Hoots: I don't see that it clears up any. It's just getting the drivers to understand what we're trying to accomplish.
Darby: Make no mistake about this -- our drivers still play a huge part in what we're doing, even with the new procedure. And it's for their benefit that we're doing it. So there's still a lot of confidence and responsibilities that we're laying on the guys that are holding the steering wheels to make this thing work right. The extension of this new policy is we're now in the middle of it and we will react and we will assess penalties as we need to, to make sure it works correctly.
Re: Are penalties subject to review and are all calls final?
Darby: I'm going to separate calls from penalties. The calls, it's balls and strikes. Okay? The control tower's going to make the calls and that's going to be the ultimate answer to what's going on. The penalties will be race procedural penalties, which are not appeal-able or review-able.
Re: How will you track car movement with these new procedures?
Darby: For the biggest part of it, and what you're asking me about is technically freezing the field, we don't have a truckload of new whiz-diz gadgets that's going to do that for us. We are adding some scoring staff to the control tower to help up through us. If the ultimate challenge came, there is the possibility that to settle a tie, we would revert back to the previous lap for that position.
Re: Will you use TV as an aid?
Darby: The problem with all the film media is there's nothing on the film media that verifies at what time the caution was actually called for or displayed?
Re: Why didn't you use the contract rule per the truck series?
Darby: The number one objective to this whole new policy is to prevent the competitors from racing back to the start-finish line. The contact rule that you're referring to in the trucks allowed a competitor that was in contact with the leader to race back, but nobody else. So, although you would've known maybe the number of competitors that would have been racing back to the line, you still would have had the situation of racing back to the start-finish line.
Re: What about using the contact rule to determine who gets a lap back?
Darby: Unfortunately, competitors that have a bad day, there's a reason they're a lap down to start with. And it's real hard to determine. And sometimes as compassionate as you'd like to be, and to help everybody you can, that takes a big part of what we do away. The only thing we were looking for was a small buffer to help replace that nobody will have the ability to race for a lap back.
Re: Did you consider reverting back to the previous lap for the total field?
Darby: That was discussed in great length. There's a tremendous amount of complications that come with that. If you look at a race from the green flag to the checkered flag, especially when you start to involve green-flag pit stops, there's a tremendous amount of things. Even to the potential of a lead change with maybe two laps to go in the race under caution. At this point and time, we're going to try to stay away from that the best we can and go with the maintenance of position on the race track.
Re: Any consideration given to allow racing back to yellow only on the race's last lap?
Darby: We can't be guaranteed that the same situation that could happen on lap 15 won't be there on the last lap. So as far as the caution being displayed and the cars slowing down and maintaining positions, it's our feeling right now that we need to apply that to every lap of the race.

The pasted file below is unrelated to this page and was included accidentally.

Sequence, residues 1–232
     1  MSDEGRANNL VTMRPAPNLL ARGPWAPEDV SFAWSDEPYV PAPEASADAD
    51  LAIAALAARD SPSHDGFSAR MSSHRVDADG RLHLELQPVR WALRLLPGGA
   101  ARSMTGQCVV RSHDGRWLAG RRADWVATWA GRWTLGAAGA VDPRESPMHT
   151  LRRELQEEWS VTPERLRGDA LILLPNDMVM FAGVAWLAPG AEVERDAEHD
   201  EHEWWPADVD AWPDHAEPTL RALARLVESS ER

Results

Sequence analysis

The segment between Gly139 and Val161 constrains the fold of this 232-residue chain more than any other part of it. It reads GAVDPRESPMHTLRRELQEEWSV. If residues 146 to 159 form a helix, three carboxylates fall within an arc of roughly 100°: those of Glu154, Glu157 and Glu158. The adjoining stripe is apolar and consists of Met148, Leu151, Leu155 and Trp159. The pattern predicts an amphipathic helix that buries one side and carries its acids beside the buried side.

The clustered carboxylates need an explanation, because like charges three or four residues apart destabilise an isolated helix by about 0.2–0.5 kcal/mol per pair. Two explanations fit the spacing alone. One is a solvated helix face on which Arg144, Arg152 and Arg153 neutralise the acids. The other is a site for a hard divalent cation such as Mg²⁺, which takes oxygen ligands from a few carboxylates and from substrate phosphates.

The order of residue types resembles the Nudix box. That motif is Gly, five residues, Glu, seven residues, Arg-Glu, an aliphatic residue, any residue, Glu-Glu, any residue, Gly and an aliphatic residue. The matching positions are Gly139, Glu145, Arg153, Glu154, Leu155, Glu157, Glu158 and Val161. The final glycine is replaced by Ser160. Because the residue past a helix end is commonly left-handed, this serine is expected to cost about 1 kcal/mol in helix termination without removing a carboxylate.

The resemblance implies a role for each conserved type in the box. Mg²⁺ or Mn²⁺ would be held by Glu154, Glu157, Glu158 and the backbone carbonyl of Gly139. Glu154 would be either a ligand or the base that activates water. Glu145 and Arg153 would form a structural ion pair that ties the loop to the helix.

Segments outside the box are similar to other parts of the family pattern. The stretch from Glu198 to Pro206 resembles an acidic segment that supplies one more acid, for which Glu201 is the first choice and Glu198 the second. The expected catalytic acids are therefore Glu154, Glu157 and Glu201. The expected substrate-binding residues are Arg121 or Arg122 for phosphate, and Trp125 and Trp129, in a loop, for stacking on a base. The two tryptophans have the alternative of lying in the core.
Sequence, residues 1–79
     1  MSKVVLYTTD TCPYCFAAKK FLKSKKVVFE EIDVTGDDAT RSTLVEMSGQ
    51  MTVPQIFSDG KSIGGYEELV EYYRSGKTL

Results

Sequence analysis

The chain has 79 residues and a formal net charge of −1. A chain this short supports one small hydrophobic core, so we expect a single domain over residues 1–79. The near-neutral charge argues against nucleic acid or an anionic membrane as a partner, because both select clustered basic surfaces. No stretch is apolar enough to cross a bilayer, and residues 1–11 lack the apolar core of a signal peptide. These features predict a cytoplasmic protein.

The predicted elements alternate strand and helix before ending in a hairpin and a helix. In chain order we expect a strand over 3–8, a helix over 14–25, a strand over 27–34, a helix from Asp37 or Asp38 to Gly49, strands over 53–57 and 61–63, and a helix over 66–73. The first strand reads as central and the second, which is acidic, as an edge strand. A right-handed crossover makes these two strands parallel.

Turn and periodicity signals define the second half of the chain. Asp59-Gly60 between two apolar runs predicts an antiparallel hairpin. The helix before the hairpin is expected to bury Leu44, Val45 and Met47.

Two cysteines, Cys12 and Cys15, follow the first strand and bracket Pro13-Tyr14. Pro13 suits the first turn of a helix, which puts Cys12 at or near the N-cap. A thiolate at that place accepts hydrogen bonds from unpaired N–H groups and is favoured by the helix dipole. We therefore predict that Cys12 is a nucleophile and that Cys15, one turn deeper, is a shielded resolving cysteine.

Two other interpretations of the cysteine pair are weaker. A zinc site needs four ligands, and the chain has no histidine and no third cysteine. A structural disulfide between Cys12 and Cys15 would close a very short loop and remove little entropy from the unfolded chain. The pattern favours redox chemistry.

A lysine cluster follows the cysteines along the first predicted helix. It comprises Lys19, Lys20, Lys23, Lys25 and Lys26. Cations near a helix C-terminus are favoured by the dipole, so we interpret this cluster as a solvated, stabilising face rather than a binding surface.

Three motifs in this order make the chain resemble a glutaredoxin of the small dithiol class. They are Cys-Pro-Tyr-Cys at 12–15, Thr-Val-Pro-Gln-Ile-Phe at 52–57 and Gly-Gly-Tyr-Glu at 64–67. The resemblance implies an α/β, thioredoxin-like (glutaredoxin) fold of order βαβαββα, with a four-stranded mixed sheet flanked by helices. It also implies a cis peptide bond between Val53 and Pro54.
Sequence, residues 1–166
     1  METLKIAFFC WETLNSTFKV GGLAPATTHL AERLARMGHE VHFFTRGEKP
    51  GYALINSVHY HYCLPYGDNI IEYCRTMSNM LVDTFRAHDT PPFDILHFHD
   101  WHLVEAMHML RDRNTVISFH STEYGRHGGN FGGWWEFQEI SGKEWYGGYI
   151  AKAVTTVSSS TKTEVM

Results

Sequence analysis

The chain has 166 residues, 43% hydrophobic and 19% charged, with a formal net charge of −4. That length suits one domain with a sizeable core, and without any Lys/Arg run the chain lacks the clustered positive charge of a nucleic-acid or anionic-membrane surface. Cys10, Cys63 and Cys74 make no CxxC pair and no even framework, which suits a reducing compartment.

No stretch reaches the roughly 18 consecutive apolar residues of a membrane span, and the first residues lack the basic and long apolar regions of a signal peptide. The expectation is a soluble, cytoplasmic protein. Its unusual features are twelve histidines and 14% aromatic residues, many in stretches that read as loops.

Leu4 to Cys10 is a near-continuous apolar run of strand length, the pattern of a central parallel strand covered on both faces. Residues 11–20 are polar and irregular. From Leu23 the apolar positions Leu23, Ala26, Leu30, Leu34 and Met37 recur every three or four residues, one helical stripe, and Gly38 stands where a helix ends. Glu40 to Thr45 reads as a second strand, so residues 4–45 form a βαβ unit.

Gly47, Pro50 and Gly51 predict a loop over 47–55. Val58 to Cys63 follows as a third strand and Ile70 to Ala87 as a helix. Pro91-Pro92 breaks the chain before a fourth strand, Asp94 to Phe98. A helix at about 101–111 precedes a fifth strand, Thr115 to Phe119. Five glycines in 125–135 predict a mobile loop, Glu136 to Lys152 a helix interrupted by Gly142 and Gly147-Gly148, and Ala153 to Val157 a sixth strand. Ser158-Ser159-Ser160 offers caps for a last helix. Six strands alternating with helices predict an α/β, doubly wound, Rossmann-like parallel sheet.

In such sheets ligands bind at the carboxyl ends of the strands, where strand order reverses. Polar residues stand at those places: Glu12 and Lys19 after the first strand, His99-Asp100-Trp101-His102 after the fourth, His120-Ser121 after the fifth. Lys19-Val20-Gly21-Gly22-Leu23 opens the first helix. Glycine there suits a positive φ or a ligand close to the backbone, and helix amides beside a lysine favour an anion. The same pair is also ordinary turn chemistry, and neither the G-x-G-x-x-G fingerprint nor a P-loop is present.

Re: When exactly does the car that gets its lap back, get scored as such?
Darby: It'll be after the completion of the pit cycle, and before we go back to green. And probably in most cases you'll see it happen on either a two-to-go or a one-to-go type situation. The reason I bring up the two-to-go is there are some race tracks -- Talladega, for example -- which is long enough in length that a competitor may have a tremendous amount of trouble getting all the way back around and in line, and still being there in time for the green flag. So the key to it is, is the caution comes out, the lineup is dedicated at that time, so that individual is determined. The crew chief doesn't have to try to decide whether he's the person involved or not, so that they can go on and perform a routine pit cycle like they normally would. And after all the dust has settled, the safety workers have cleared from the race track and everything else is ready to resume the race, that's when we'll move the competitor around the caution car and bring him up to the tail end of the lead lap cars.
Re: How long will it take to determine the lead-lap lineup on a caution?
Hoots: I wouldn't think it would add over one or two laps to the yellow (period), understanding that we're closing the pit road the first lap now until we work through this procedure. So count that lap and maybe one other, and then the normal cycle of the pit road. Right now I'm not thinking it would add but maybe one or two laps to a yellow.
Re: What about on a quick caution?
Hoots: I think to be fair about it, because even under a quickie yellow you're going to have a car a lap back, we'll close the pit road. It'll add a lap and at that point you don't need to do a quickie yellow in most cases.
Re: What if there's no cars one lap down, but only ones that are multiple laps down?
Darby: It'll be the highest-scored position not on the lead lap. In most cases that car will be one lap down. But it could be a situation where everybody was on the lead lap except a competitor that cut down a tire early and lost three laps. At that point he would receive one lap back.
Re: Could that driver continue receiving laps back on subsequent cautions?
Darby: If he had all the rabbits feet in his pocket and the horseshoes were lined up the right way, he could receive a lap for the next three consecutive cautions and ultimately work his way back to the lead lap.